The annual Leadership Conference run by Alpha and Holy Trinity Brompton (HTB) is upon us again. My social media feeds were filling up before the conference with marmite opinions being shared – love and hate – in equal measure.
Personally, it is a highlight of my year and the first day has lived up to expectations. There is a breadth of views and opinions expressed, all from a point of experience and all soaked in a love for God and His world.
HTB live out their values and approach the conference from an understanding that not all views expressed will be equally shared. However, they also know that as leaders it is possible to listen with discernment rather than judgement. This brings freedom and learning that surpasses many conferences.
I am glad to be here and grateful to learn from others. Less than half way through it has already proven to be ‘value for money’ – so pleased that once again this conference is made available to us.
One of the reasons that encouraged me to attend the HTB Leadership Conference was the attendance of Patrick Lencioni. I enjoy his writings and appreciate his communication style. In truth, I received far more all round than anticipated, the Conference was superb.
Lencioni did not let me down. On the 2nd day he spoke about team and used material from his book, the The Five Dysfunctions of a Team: A Leadership Fable (J-B Lencioni Series)”
If you have read the book, you may well know his headings and the leaders role;
1) Absence of Trust – the leader needs to be vulnerable to the team
2) Fear of conflict – the leader needs to embrace difference of opinion
3) Lack of commitment – the leader needs to bring clarity and decision
4) Avoidance of accountability – peer accountability to be encouraged and difficulties confronted
5) Inattention to results – focus on what you are trying to achieve
His talk was excellent, inspiring and full of content. There were plenty of nuggets to steal away and if you missed it, buy the book, you will not regret it.
The HTB leadership conference (2013) has been a good one. At some point, I may get around to writing some notes but there was one thing that has struck me. The willingness to give things away.
The event is staged well, the standards are high, yet the willingness to ‘give it up’ and ‘hand it out’ has been wonderful. Live stream, free to any who have Internet connection, use of buildings…even when they could be closed to prepare the next event, the helpfulness of the stewards, the time given (even in tiredness) of team members.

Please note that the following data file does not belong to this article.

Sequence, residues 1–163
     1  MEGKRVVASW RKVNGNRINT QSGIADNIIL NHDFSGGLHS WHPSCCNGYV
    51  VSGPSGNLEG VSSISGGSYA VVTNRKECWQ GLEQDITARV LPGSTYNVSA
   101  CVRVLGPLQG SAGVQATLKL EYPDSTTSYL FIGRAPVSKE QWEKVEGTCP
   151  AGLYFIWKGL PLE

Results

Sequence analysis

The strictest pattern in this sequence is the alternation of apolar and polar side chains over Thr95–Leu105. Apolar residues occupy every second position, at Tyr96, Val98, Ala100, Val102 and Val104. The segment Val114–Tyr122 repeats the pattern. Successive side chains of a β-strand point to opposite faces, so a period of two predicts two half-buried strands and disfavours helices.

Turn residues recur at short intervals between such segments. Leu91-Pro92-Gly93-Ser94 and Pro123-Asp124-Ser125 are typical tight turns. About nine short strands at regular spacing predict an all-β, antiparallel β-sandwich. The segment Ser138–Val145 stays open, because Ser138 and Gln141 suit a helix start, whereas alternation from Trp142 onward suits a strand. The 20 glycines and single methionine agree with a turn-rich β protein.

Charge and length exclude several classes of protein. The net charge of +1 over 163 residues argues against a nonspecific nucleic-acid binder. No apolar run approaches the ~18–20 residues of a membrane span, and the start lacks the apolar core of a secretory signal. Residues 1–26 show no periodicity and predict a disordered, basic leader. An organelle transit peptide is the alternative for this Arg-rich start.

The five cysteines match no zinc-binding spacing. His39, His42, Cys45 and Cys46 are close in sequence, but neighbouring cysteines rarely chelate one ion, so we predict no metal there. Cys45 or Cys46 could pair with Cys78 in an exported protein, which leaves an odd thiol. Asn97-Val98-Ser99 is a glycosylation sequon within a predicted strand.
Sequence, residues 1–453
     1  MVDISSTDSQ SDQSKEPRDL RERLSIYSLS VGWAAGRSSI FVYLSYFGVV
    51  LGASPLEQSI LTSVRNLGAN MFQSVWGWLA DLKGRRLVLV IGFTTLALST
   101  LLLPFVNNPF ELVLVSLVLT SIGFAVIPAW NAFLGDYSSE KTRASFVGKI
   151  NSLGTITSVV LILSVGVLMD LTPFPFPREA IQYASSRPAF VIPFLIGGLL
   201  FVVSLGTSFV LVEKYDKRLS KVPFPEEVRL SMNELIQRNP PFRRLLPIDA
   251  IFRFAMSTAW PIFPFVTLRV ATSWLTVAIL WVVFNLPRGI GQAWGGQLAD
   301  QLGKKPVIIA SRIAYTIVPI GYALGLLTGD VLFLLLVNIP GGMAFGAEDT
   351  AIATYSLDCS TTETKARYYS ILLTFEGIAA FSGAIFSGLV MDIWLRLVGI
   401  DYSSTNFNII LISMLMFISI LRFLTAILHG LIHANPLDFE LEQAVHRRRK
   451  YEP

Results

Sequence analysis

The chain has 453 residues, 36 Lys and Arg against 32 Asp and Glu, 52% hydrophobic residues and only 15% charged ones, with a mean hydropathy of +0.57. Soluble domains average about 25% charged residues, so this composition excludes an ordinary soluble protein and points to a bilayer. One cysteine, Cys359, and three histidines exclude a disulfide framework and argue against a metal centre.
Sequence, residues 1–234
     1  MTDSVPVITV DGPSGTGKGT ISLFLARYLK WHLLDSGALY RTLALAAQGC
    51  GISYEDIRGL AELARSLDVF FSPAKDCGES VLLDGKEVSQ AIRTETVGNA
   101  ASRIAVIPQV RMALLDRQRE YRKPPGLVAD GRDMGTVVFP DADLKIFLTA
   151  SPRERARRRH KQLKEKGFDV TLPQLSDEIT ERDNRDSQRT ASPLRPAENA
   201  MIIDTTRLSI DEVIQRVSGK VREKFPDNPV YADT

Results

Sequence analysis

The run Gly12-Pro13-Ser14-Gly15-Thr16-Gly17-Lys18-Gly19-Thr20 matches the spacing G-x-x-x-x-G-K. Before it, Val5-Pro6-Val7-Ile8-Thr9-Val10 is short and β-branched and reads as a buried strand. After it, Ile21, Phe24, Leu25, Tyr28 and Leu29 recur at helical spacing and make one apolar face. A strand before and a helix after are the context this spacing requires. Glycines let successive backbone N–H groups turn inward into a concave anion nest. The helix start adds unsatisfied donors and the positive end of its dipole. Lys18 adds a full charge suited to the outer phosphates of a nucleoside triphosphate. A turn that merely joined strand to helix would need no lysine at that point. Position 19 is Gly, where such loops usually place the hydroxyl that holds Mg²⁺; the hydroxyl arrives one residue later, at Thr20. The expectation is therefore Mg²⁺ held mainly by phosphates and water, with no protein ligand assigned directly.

These folk know how to give ‘free gifts’ and they are for anyone…a lesson for us all.
Conferences are interesting beasts – Christian conferences are even more intriguing. I am sat in a conference centre now, enjoying the 2 hour afternoon window before the next sessions begin again. Thought I would use the time to sum up the conference merry go round rules – whilst very tongue in cheek, there is an element of truth, this is a summary of many conferences and must not assume that this is my present experience.
As people arrive at the start of any conference, there are the nervous smiles of new participants, the loud confident laughs & welcomes from the ‘annual attenders’ and the usual folk trying to look confident whilst they are inwardly struggling with how to carry their bags to an unknown place with keys and literature balancing precariously from their fingertips.
Those who are involved in the organising are desperate that everyone is ‘happy beyond belief’ as this justifies their labours and the on-going trivial banter is a minefield of Alpha egos attempting to outdo other attendees.
Once pecking orders are set, the conference can begin proper. The initial welcomes include the in-house jokes from old as people observe who sits with who, the people to avoid and those that will need to be engaged with as soon as the first session ends. The AV system has its usual hiccups when the courteous chuckles are allowed full voice, the microphones will need tampering with on more than one occasion and lip service is paid to those who have travelled the furthest distance.
As the sessions end, there will always be one person (often more) who home in like an exocet missile on the speaker, in order that they can either heap bounteous praise or demonstrate why they know better. They will ensure that they milk as much time as possible so that others have to wait their place and suffer being lower down the pecking order.
Outside, in the coffee queue, the real warfare is happening. The knowledge sharers have to share their encyclopedic understandings with anyone who will listen, others share their historical gleanings with the rest and almost everyone shares their contacts (well their 6 degrees of separation contact base) so that their voice may ‘carry weight’.
And to think…..this is just the start…..gotta love conferences…..the good news is, you can still learn a great deal from them, the good, the bad and the ugly!